Iran and the Roots of Obama’s Rage - The American Spectator | USA News and Politics
Iran and the Roots of Obama’s Rage
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Was Dinesh D’Souza right? Mr. D’Souza is a political commentator who proposed that the best explanation of President Obama’s behavior was not to be found in Obama’s seeming embrace of the radical socialism of Saul Alinsky but in the anti-colonialism of his father. Mr. D’Souza’s theory has been heatedly dismissed by the White House with the admonition that in America we do not judge people by their father’s political beliefs and that Ronald Reagan’s father was an alcoholic.

Fair enough, but then Ronald Reagan never wrote a memoir titled, Dreams from My Father, in which he measured his own life by both the achievements and failures of an alcoholic father that had abandoned him.

The reason that Mr. D’Souza’s 2010 book comes back into focus is Mr. Obama’s Iran deal. If we had doubts about Mr. D’Souza’s hypothesis before, Mr. Obama in recent weeks has gone a long way toward lending confirmation to it.

If you begin with the reasonable supposition that Mr. Obama is not an anti-Semite, then how do you explain his trafficking in contemptible blame the Jews rhetoric in order to promote his dangerous Iran deal? And for those who cannot bring themselves to accept Mr. Obama’s contemptible behavior, even longtime Obama supporter Abraham Foxman said, “Obama was using language—saying those opposed to the deal were cynically motivated to bomb Iranian nuclear sites—that fueled the anti-Semitic stereotyping of Jews as warmongers.”

One would think that after a lifetime of fighting anti-Semitism Mr. Foxman would know anti-Semitic references when he heard them.

So, how do you explain Mr. Obama’s sinking to this level of bullying to promote a deal that is so flawed it loses support daily?

Well, open the pages of Mr. D’Souza’s, The Roots of Obama’s Rage, and things start falling into place. Barack Obama’s view of the world is derived from that of his father’s anti-colonialism.

Mr. Obama accepts the leftist fiction that Israel is the last outpost of colonialism, an accusation too absurd to be considered serious. This is in keeping with Mr. Obama’s relationship with the late Edward Said and Rashid Khalidi, two Middle East scholars who promulgate that idea, and why to this day, the Los Angeles Times will not release the tape of Mr. Obama’s remarks at Mr. Khalidi’s farewell dinner.

This also explains why Mr. Obama joined the Rev. Jeremy Wright’s congregation, a congregation that broke its ties with mainstream white Christianity and embarked on a mission of black power and liberation theology. Wright took a dying congregation and rejuvenated it. His liberation theology and sense of black pride, along with his anti-Americanism and anti-Semitism, spoke to thousands of black Chicagoans who felt alienated and marginalized in white society.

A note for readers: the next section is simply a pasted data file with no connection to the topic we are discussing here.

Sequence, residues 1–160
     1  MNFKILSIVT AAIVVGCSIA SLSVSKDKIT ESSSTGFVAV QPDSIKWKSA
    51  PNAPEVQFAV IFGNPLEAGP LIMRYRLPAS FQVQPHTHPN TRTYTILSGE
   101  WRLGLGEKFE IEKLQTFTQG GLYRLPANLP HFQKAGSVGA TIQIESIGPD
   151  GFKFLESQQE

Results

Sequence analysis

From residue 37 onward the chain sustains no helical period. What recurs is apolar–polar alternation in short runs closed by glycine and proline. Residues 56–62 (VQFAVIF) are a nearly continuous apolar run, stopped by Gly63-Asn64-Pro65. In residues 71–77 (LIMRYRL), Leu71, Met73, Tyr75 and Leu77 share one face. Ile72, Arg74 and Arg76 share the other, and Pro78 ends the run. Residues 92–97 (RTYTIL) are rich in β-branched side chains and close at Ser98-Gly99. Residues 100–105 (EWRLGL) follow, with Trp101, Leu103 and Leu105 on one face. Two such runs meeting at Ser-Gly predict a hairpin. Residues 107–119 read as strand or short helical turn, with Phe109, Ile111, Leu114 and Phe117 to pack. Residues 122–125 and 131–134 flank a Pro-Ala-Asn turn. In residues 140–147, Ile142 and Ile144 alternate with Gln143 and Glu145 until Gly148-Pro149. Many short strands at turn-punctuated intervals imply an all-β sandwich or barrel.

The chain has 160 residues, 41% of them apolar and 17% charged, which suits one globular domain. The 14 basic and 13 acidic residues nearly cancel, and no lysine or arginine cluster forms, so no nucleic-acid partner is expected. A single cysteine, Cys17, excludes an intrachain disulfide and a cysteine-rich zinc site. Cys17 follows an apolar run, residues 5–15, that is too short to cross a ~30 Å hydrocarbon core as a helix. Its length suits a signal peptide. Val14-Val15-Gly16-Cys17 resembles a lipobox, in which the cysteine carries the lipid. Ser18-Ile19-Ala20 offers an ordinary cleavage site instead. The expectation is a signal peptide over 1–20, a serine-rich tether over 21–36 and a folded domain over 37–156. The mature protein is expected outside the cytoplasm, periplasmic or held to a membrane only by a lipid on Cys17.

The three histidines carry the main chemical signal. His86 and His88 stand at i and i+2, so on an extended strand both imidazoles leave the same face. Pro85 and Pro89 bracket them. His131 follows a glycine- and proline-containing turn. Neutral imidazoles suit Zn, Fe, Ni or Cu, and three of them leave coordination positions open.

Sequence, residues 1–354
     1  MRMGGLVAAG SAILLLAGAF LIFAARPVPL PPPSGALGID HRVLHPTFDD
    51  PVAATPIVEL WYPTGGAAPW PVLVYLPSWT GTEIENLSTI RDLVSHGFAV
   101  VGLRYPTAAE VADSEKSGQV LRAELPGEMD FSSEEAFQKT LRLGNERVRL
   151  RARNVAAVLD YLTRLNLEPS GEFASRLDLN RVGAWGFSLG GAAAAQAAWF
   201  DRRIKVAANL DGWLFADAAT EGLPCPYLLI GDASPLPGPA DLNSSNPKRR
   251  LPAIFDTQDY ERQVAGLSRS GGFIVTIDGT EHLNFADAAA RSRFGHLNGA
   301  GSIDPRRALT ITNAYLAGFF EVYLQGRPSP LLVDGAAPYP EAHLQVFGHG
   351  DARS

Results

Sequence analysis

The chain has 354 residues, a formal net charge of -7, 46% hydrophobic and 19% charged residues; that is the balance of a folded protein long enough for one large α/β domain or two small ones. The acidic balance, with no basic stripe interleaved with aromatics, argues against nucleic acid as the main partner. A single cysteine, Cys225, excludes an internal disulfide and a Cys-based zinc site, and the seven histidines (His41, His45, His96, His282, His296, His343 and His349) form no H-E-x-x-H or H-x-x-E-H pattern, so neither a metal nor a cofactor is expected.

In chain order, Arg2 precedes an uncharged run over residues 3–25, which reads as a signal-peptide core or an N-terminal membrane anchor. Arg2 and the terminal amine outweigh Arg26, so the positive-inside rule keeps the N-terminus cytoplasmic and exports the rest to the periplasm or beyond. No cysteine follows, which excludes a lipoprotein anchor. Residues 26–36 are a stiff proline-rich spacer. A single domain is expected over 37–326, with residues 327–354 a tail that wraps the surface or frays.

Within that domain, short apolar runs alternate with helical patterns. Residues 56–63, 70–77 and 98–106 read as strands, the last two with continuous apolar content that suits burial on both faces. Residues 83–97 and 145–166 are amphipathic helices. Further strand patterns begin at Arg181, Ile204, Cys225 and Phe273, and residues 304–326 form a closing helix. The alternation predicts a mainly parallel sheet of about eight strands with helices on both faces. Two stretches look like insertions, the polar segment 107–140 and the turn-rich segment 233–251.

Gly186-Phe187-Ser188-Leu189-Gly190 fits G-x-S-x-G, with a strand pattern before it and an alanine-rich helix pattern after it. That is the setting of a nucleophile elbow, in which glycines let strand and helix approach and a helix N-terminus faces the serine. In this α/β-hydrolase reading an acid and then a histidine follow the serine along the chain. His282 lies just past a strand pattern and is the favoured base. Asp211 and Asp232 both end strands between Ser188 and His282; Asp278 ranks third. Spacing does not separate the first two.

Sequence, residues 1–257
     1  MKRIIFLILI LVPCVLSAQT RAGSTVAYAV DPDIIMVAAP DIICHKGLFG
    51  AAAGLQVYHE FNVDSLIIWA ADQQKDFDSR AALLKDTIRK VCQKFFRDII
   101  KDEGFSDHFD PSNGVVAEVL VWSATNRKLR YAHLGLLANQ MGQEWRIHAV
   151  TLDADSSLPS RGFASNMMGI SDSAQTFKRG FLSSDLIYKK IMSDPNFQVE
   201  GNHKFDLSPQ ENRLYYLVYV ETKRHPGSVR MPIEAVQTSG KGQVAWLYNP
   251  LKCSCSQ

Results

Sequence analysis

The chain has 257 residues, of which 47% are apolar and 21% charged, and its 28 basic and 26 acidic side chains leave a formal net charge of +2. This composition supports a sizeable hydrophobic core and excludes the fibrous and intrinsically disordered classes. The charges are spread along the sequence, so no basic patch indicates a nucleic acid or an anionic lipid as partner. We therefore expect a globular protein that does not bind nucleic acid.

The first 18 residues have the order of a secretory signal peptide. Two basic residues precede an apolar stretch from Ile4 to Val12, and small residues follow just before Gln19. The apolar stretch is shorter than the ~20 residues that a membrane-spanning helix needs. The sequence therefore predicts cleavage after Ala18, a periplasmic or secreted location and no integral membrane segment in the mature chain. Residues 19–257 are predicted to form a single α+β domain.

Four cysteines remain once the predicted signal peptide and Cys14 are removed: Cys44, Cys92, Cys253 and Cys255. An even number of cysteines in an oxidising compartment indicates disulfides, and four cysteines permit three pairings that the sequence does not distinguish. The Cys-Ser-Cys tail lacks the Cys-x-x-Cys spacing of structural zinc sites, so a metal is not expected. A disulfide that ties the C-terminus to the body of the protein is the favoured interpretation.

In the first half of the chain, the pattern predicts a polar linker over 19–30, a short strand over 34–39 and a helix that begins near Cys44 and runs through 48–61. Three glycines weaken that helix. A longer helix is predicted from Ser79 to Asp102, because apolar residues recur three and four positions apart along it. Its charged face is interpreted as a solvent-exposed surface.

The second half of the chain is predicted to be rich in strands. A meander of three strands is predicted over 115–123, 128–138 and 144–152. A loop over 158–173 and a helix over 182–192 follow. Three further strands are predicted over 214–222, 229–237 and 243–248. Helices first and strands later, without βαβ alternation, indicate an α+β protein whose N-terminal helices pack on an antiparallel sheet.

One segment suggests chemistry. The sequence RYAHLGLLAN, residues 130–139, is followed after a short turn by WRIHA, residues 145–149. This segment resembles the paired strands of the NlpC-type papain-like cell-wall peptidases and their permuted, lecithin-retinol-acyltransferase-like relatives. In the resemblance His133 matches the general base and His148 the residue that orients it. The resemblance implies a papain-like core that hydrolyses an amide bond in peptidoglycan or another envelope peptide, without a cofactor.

The Rev. Wright’s rage was Mr. Obama’s rage. The Rev. Wright’s theology was Mr. Obama’s theology.

When the Rev. Wright upped the ante of outrageous comments and Mr. Obama had to part company with him, it was “them Jews” that the Rev. Wright blamed for Mr. Obama putting daylight between them. Are we to believe that Mr. Obama sat at the feet of his mentor for twenty years and never knew his sermons were flavored with anti-Semitism and anti-Americanism?

The Rev. Wright simply reinforced Mr. Obama’s view of colonialism. More important, in the black power ideology, colonialism applies to the white domination of the black ghetto.

Obama senior’s inspiration, as his son interpreted it, was to fight colonialism. It is why Obama backs the Palestinians over Israel. As he told the editor of the Electronic Intifada, Ali Abunimah, he was backing Israel as a political necessity to secure support from the Jews in the Democratic Party. As Mr. Abunimah put it, “He (Obama) is merely doing what he thinks is necessary to get elected and he will continue doing it as long as it keeps him power.” As these remarks became public, they appeared so threatening to Obama’s senatorial campaign that David Axelrod quickly denied them.

To reduce America’s power in the world is to reduce America’s potential for strategic dominance, i.e. colonialism, in Obama’s vision. The rise of an Obama-nourished Iranian hegemonic power in the Middle East is an impediment to American colonialism. America is not exceptional—in this vision—and should not be. The Iran deal reduces America’s strategic power and makes its prospects for interfering in the rest of the world less likely. Obama is not afraid of a stronger Iran as much as he fears a stronger America.

And the same mindset applies to the inner city. It is why three members of the administration were sent to pay respects at the funeral of a thug who fought a policeman for his gun and lost. The thug was perceived as a victim of the colonial police force.

It is why the minor altercation between Harvard professor Henry Louis Gates and the Cambridge police is worthy of the attention and prestige of the White House. Mr. Gates was a victim of the colonialism that oppresses black people daily.

In the end, Mr. Obama is remaking the Middle East, not in America’s interest, but in accord with a vision of America as a colonial power that projects power too easily. If his Kenyan father had a dream, Mr. Obama is fulfilling it both at home and abroad.

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